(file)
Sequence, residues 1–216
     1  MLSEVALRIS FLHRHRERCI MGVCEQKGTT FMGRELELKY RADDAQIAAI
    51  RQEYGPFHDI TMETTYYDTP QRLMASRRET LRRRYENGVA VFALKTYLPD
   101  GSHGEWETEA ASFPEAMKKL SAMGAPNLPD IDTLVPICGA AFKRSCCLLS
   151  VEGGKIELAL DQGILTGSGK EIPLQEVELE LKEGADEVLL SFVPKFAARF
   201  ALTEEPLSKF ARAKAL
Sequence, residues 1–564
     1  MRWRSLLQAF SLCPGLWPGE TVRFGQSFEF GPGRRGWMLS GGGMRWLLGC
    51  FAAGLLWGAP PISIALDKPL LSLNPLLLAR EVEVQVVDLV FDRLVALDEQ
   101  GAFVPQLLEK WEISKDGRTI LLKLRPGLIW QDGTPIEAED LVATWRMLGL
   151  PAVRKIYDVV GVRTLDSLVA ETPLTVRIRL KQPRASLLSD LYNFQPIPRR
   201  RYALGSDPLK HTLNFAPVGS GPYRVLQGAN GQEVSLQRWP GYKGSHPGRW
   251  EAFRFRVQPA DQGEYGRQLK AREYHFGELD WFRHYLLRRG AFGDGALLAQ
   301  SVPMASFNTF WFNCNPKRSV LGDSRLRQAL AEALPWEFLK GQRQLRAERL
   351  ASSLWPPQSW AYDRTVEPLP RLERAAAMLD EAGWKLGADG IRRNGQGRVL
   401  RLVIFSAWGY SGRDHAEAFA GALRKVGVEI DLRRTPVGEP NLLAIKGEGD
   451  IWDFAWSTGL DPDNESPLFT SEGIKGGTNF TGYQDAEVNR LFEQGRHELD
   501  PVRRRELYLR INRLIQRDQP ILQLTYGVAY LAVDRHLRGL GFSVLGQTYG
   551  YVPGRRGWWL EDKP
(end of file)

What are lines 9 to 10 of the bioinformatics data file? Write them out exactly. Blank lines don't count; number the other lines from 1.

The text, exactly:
    51  FAAGLLWGAP PISIALDKPL LSLNPLLLAR EVEVQVVDLV FDRLVALDEQ
   101  GAFVPQLLEK WEISKDGRTI LLKLRPGLIW QDGTPIEAED LVATWRMLGL